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i know shes had enough when shes fed off both sides and starts to fidgit or pull off i give her the dummy for a few moments then offer the same breast again and again and again for about another 5mins alternating between the breast and dummy i then offer her the first breast again as since she was last on that side she would of had let down again and there is milk ready for her.i always feed her the bedtime feed with the lights down in her own room and let her get a bit drowsy and tired then gently put her without any sudden movements walk out the room .once shes had a little chat or a moan to her teddies she gets herself comfy and falls asleep. sometime she will have a cry but doesnt wake in the night now. im sure youll be fine and once your lo sleeps though once you will know then that its possible and that the night feeds arnt needed. let us know how you get on. your doing a great job.... well done for breastfeeding so long, keep up the good work x
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Old 30-09-07, 21:27
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Don't try to cut down the milk feeds. Your baby needs the milk and that's why on demand feeding is so great! It's a little hard to accept, your baby not sleeping thrugh the night, and seeming to demand so much milk, but it is COMPLETELY normal. It's very easy to expect that your baby will sleep through and go for four hours etc between milk feeds, but those really are the habits of a FF (formula fed) baby.

All babies wean themselves off at different times - it's very unusual for a child not to have weaned themselves off the breast completetely by 18 months (it's still great for babies to feed beyond this - but I think there is often strong encouragement from the mum to continute this long and beyond btw I would feed til 2 if I could be a SAHM).

Katie was off daytime feeds by around 10 months. After that it was a bedtime feed (fed her to sleep) a 3/4am feed and an early mornin feed. Othr than that she just had solids and water/juice throughout the day. I was wishing I had introduced cow's milk in a sippy cup from 6 months - as she hates it now and won't drink milk at all!

So I am afraid I am not much help in response to your OP - don't cut down the feeds. I totally understand you expecting that you would though. If you want you could try 'dream feed' which is when you lift the baby while they are sleeping, at say midnight? And offer them the breast - they usually naturally latch on and take a nice feed and keep sleeping throughout, then go back in the cot and sleep for a good bit longer. Katie was a monster and woke up at her usual time anyways..... grrrrr but worth a try as all bubbas are different.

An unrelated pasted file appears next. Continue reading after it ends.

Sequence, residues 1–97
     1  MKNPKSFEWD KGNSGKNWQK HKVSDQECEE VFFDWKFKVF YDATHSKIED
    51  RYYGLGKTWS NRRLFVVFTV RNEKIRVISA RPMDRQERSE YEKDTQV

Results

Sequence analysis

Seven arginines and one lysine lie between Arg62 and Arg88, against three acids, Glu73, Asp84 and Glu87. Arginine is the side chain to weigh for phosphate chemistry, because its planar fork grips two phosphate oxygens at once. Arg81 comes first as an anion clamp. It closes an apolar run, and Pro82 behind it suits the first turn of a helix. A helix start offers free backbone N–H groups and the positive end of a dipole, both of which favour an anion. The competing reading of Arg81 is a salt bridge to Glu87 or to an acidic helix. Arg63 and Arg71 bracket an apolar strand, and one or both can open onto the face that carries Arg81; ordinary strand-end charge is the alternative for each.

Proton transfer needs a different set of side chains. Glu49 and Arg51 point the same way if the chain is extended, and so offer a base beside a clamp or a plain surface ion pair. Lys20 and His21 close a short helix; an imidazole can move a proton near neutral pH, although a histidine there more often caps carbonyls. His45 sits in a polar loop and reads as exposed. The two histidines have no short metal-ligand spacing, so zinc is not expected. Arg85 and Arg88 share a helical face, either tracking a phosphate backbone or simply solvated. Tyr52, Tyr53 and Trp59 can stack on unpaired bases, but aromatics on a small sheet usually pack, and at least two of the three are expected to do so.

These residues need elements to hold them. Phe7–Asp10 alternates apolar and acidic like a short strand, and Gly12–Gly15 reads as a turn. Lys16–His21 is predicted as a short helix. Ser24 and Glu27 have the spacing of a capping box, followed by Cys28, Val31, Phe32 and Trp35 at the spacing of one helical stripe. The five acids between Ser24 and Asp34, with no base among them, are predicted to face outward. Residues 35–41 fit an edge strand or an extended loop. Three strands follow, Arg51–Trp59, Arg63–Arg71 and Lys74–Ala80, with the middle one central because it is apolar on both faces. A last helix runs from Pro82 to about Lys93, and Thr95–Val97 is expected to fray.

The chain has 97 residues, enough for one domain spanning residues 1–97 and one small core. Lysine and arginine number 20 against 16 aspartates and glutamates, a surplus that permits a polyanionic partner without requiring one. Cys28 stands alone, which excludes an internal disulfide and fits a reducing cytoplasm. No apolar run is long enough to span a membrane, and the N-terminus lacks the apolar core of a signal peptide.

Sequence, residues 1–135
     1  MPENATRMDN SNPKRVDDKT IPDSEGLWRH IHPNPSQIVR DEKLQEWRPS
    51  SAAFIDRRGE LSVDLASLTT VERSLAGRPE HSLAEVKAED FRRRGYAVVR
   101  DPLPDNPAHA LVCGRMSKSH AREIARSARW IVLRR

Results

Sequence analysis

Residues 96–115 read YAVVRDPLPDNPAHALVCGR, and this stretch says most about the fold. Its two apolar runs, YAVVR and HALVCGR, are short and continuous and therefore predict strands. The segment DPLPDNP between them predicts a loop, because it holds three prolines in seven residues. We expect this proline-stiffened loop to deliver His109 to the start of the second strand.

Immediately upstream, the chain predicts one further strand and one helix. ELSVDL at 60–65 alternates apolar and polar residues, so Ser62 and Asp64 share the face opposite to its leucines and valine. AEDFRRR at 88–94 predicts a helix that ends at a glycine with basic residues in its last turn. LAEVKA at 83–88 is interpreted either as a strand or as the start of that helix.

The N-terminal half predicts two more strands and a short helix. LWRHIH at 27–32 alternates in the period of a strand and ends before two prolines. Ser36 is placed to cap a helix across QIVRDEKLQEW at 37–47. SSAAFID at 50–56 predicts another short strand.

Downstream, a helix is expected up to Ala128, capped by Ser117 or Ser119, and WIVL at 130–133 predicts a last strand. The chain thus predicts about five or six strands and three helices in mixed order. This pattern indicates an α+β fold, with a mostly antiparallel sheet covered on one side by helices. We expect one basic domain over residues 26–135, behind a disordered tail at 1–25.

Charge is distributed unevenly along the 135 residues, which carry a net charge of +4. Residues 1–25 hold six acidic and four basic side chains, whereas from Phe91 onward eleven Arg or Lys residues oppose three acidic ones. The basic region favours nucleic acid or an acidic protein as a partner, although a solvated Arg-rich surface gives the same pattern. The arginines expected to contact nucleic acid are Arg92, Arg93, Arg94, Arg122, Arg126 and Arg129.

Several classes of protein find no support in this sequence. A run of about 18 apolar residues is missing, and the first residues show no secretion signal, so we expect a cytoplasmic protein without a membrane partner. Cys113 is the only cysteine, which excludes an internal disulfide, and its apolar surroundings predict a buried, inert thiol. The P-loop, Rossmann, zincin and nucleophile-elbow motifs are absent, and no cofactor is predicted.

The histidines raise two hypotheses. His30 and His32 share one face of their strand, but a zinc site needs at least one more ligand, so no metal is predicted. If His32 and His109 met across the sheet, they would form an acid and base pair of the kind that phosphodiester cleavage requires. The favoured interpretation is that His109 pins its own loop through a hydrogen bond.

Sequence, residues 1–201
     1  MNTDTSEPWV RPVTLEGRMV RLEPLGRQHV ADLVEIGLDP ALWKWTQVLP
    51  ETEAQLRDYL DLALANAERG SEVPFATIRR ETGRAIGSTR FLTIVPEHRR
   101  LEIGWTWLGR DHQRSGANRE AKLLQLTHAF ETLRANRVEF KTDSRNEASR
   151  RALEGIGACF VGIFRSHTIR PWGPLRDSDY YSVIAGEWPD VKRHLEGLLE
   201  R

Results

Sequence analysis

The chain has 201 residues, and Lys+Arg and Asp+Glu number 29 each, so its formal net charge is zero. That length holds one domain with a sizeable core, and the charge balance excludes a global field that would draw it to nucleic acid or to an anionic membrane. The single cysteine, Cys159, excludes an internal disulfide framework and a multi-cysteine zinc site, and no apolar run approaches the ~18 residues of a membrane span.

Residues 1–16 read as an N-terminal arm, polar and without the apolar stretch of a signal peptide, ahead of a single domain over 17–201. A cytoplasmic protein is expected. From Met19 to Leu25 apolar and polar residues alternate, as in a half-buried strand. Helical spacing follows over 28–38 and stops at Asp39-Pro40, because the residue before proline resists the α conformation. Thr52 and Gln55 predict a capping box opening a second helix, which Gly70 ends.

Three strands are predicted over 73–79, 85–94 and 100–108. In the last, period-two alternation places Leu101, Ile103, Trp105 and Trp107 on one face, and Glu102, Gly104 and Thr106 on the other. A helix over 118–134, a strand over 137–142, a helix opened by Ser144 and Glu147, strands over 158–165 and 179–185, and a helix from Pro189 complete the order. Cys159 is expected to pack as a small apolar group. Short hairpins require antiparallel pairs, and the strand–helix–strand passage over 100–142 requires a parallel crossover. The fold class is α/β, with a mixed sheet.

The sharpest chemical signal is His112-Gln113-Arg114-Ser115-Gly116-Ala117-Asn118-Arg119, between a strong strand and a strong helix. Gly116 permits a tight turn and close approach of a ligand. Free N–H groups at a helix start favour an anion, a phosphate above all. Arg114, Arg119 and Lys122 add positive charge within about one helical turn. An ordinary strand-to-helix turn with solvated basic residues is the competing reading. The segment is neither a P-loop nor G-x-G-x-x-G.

xxxxxxxxxxxxxxxxxxxxxxxxxx good luck xxxxxxxxxxxxxxxxxxxxx
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Old 09-10-08, 23:38
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Update...

Introducing solids to a breastfed baby.

Weaning a breastfed baby is different to weaning a formula fed baby. I'm starting this thread just to inform folks.

Human milk is recommended as the primary food for the baby's first year. Since solid foods displace human milk in a baby's diet, suggest the mother breastfeed first, before offering solids, until the baby is nine to twelve months old. She can gradually increase the amount of solids she offers her baby.

In one study, researchers observed one hundred and forty-one mother baby couples. The mothers exclusively breastfed their babies until solid foods were introduced at no earlier than four months of age. They found that the energy value of the human milk the baby consumed when he was exclusively breastfeeding matched closely combined energy value of human milk plus solid foods he took later. The researchers concluded that, rather than increasing the intake of calories when solid foods were started, the babies balanced their mother's milk and solid foods intake to maintain a stable intake of calories. The volume of the mother's milk dropped when solids were introduced.

By breastfeeding the baby before offering solids until he is about a year old, the mother can be sure that he is receiving the milk he needs for growth. At one year of age, it is appropriate to offer solids first.

If solids are introduced too quickly and replace many nursings during the baby's first year, he may not get enough fluids, causing constipation. In the breastfeeding baby, constipation means hard, dry stools. Going for several days without a bowel movement or straining while passing a bowel movement are within the range of normal behaviour and are not considered signs of constipation. If other fluids, such as juice or water, are given instead of human milk or formula the baby may not have his nutritional needs met.

If the baby is constipated, suggest the mother nurse her baby more often. When the baby is nursing more, he will have softer stools.


From The Breastfeeding Answer Book published by La Leche League International. Pg 51
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Old 29-01-09, 00:01
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I can see a guest viewing this... can we help???